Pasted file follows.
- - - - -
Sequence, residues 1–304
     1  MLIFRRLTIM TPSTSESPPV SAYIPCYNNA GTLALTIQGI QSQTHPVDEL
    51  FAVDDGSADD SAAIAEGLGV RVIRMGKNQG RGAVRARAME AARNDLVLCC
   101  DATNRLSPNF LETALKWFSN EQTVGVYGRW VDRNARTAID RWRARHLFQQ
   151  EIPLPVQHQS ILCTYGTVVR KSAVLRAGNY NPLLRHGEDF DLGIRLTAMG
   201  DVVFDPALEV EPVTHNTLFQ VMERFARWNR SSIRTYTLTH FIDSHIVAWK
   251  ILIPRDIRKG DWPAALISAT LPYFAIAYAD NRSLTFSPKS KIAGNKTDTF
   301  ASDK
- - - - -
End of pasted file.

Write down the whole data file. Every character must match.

Sequence, residues 1–304
     1  MLIFRRLTIM TPSTSESPPV SAYIPCYNNA GTLALTIQGI QSQTHPVDEL
    51  FAVDDGSADD SAAIAEGLGV RVIRMGKNQG RGAVRARAME AARNDLVLCC
   101  DATNRLSPNF LETALKWFSN EQTVGVYGRW VDRNARTAID RWRARHLFQQ
   151  EIPLPVQHQS ILCTYGTVVR KSAVLRAGNY NPLLRHGEDF DLGIRLTAMG
   201  DVVFDPALEV EPVTHNTLFQ VMERFARWNR SSIRTYTLTH FIDSHIVAWK
   251  ILIPRDIRKG DWPAALISAT LPYFAIAYAD NRSLTFSPKS KIAGNKTDTF
   301  ASDK